Archive for January, 2013

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Lamb’s Blood: A novel based on the U.S. blood industry and its role in Nicaragua’s Sandinista Revolution during the late 1970s.

January 31, 2013

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Available in softcover at Amazon.com ($10.95) and Kindle ($2.99):  http://www.amazon.com/s/ref=nb_sb_noss?url=search-alias%3Dstripbooks&field-keywords=Jerry+Genesio

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“Cash for Blood” operations in U.S. prisons.

January 21, 2013

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“Cash for Blood” operations weren’t all off shore, but the degree of exploitation within the United States was equal in many ways to the degree of each client’s freedom. Austin R. Stough, a physician from Oklahoma, opened a plasmapheresis center in the Oklahoma State Penitentiary in 1962. By the close of 1963, Dr. Stough had similar facilities operating in the Kilby, Draper, and Atmore prisons in Alabama, and another at the Cummins Farm Prison in Arkansas. Unfortunately, the cases of viral hepatitis, an often fatal disease of the liver, began climbing sharply during the same time period and the following year prisoners were dying of infectious hepatitis. The exact number of cases in the five prisons was never established. Many records were never completed, and other simply vanished. Byron Emery, an official of Cutter Laboratories, one of the U.S. blood industries major players at that time, told federal authorities that he was appalled by the conditions he found when he visited an Alabama prison in 1964. He said the plasmapheresis rooms were “sloppy” and that gross contamination of the rooms with donors’ plasma was evident. Emery actually acknowledged that Dr. Stough clearly could not be trusted to properly supervise the program. Nevertheless, Cutter remained one of Dr. Stough’s biggest customers.

inmatesmokingWhen Stough’s operations were finally closed down, he quickly began opening new facilities in some of the same prisons where he used prisoners as guinea pigs to test new drugs for the pharmaceutical industry. According to a New York Times article published in 1969, those companies included the Wyeth Laboratories Division of American Home Products Corporation; the Lederle Laboratories Division of American Cyanamid Company; the Bristol-Myers Company; the E.R. Squibb & Sons Division of Squibb Beach-Nut Inc.; the Merck, Sharp & Dohme Division of Merck & Co.; and the Upjohn Company.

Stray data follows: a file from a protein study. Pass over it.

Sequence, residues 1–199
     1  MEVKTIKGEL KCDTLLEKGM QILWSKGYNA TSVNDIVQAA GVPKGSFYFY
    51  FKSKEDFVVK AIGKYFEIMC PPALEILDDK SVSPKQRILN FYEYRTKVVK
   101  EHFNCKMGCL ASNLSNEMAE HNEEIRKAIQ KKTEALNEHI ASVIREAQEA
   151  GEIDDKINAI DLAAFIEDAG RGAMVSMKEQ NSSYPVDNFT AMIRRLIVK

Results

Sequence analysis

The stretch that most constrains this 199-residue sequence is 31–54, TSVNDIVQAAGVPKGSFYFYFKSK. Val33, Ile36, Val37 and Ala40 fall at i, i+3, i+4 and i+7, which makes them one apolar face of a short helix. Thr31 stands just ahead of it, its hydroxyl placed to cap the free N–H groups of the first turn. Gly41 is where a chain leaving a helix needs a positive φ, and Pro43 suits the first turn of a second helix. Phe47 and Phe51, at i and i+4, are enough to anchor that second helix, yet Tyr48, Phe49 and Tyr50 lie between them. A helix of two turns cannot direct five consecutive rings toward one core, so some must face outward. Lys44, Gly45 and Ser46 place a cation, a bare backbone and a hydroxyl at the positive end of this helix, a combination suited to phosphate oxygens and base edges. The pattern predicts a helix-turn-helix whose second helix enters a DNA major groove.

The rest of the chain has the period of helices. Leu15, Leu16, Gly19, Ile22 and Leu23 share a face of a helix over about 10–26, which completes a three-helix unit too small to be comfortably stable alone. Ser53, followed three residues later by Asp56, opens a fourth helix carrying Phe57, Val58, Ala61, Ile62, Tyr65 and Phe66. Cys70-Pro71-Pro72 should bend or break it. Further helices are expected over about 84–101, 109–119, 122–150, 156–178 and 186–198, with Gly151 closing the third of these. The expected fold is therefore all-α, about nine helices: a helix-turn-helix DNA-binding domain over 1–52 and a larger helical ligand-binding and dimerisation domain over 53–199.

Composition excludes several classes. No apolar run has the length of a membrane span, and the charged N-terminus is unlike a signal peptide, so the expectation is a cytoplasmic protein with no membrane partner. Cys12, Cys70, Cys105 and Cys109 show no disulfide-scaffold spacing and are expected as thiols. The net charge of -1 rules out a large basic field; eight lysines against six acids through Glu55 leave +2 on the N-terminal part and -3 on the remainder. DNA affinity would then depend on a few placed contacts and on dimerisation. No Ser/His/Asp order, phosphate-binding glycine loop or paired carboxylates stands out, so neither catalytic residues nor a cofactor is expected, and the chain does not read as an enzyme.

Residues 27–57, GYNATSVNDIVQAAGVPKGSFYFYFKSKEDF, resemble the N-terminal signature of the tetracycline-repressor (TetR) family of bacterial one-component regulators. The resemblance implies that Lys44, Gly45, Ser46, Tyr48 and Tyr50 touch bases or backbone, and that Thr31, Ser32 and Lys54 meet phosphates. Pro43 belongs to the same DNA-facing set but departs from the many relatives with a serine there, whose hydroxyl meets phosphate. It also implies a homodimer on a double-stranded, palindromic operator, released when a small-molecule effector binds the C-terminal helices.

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Hemo-Caribbean sold more than $3 million worth of blood plasma siphoned from Haitians

January 11, 2013

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The U.S. commercial blood industry was actively seeking new and cheaper sources of marketable blood in 1971 when the Haitian government granted Miami-based Hemo-Caribbean a ten year concession to harvest and export blood plasma from Port-au-Prince. The company harvested blood from Haitian donors for $3.00 per liter and shipped it via Air Haiti to the U.S. where it was sold for $23.00 per liter. Air Haiti was partly owned by Luckner Cambronne, at that time Haiti’s Minister of the Interior.

During its first year in business Hemo-Caribbean exported an estimated 5,000 to 6,000 liters of blood plasma monthly operating six days a week and fourteen hours a day. Sales to American distributors alone exceeded $3 million and represented 70,000 pounds of blood plasma siphoned from 170,000 Haitians.

Armour Pharmaceutical, which relied on Hemo-Caribbean for 15 per cent of its total raw blood plasma supply, claimed Haitian plasma was of excellent quality. But many health professionals insisted the Haitian donors were protein deficient and should be receiving rather than selling blood plasma.

Sources: “Now the Blood” by Louis A. Perez, Jr., Progressive, 39-40 Jan 1975; and “Haiti Blood Plasma Curb Poses Problems”, The Afro-American, 6, Jan 13, 1973.
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Cash for Blood

January 3, 2013

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About a year after the December of 1972 earthquake in Nicaragua, Dr. Pedro Ramos Quiroz, a Cuban exile, opened a “Cash for Blood” center in Managua. His company was called Centro Americana de Plasmaféresis SA, and one his partners was Nicaraguan President Anastasio Somoza. Nearly all of the blood plasma collected was sold to companies in the United States and Western Europe, and the only people who profited from the operation were Somoza, who had a private fortune estimated at in excess of $1 billion, the American-Cuban Ramos, and their friends.

Source: Blood: Gift or Merchandise by Piet J. Hagen, Alan R. Liss, Inc., New York, 1982, pp. 168-69.